Máire Geoghegan-Quinn (former European Commissioner for Research, Innovation and Science) has presented the report She Figures 2013 on the status of women in science. Once again, the data presented shows that we are far from achieving gender equality in the field of research.
Specifically, the report reveals that only three, if three, out of every ten scientists in Europe is a woman. This data is even more devastating, if it is possible, if one takes into account that women represent 46% of the people who obtain a PhD. This if we talk about the public sector, if we do it about the private sector we find that only 19% of researchers are women.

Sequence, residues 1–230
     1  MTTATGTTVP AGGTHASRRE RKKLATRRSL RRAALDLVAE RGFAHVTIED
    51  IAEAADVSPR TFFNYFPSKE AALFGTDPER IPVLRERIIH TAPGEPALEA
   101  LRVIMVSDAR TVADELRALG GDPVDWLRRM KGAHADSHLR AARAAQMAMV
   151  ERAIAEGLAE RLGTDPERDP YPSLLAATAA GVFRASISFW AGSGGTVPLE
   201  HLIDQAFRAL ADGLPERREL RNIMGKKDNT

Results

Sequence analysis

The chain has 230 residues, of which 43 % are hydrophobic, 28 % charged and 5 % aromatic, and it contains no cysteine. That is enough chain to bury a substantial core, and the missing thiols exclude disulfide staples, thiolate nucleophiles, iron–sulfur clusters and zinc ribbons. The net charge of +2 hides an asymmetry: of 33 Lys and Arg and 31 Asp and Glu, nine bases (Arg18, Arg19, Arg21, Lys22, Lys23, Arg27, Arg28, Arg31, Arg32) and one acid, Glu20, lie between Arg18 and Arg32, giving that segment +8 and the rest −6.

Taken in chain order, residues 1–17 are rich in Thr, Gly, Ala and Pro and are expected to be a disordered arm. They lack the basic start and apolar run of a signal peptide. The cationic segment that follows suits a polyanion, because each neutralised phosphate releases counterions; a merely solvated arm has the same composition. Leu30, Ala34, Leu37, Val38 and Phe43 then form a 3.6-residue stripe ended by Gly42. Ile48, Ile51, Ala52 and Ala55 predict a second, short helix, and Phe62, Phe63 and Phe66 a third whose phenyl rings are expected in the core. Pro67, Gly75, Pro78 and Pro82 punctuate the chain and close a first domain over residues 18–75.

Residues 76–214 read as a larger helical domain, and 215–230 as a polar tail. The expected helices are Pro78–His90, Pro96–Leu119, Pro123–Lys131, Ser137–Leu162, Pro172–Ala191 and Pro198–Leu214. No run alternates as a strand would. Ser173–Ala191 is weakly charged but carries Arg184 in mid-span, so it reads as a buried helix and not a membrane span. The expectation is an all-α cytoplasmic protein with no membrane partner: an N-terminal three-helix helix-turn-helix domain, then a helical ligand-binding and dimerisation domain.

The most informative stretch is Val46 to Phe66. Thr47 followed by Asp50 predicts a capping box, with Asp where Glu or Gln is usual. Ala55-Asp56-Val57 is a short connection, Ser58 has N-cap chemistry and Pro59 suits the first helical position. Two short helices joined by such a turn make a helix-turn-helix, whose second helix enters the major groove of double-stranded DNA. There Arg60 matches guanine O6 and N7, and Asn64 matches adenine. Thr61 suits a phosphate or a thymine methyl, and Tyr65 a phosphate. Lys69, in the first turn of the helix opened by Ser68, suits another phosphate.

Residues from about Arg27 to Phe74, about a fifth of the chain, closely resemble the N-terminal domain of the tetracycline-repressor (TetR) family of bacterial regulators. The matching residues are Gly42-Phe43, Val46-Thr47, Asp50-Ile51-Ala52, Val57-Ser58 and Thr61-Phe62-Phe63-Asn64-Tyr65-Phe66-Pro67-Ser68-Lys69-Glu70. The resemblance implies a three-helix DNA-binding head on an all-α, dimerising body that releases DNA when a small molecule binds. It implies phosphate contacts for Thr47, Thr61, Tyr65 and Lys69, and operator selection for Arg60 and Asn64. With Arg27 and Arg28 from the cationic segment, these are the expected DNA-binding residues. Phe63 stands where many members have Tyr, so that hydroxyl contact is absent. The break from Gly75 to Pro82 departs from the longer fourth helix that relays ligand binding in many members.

Of course, the countries of Eastern Europe seem to be the last bastion of equality in science, since they have the best rates of senior academic positions held by female researchers.
Europe has tried to implement various formulas to achieve greater equality in science, but it is clear that initiatives as unfortunate as quotas for women or activities to promote scientific and technological careers among girls have not been very successful. From here we propose a reflection on what initiatives must be launched and that also include men.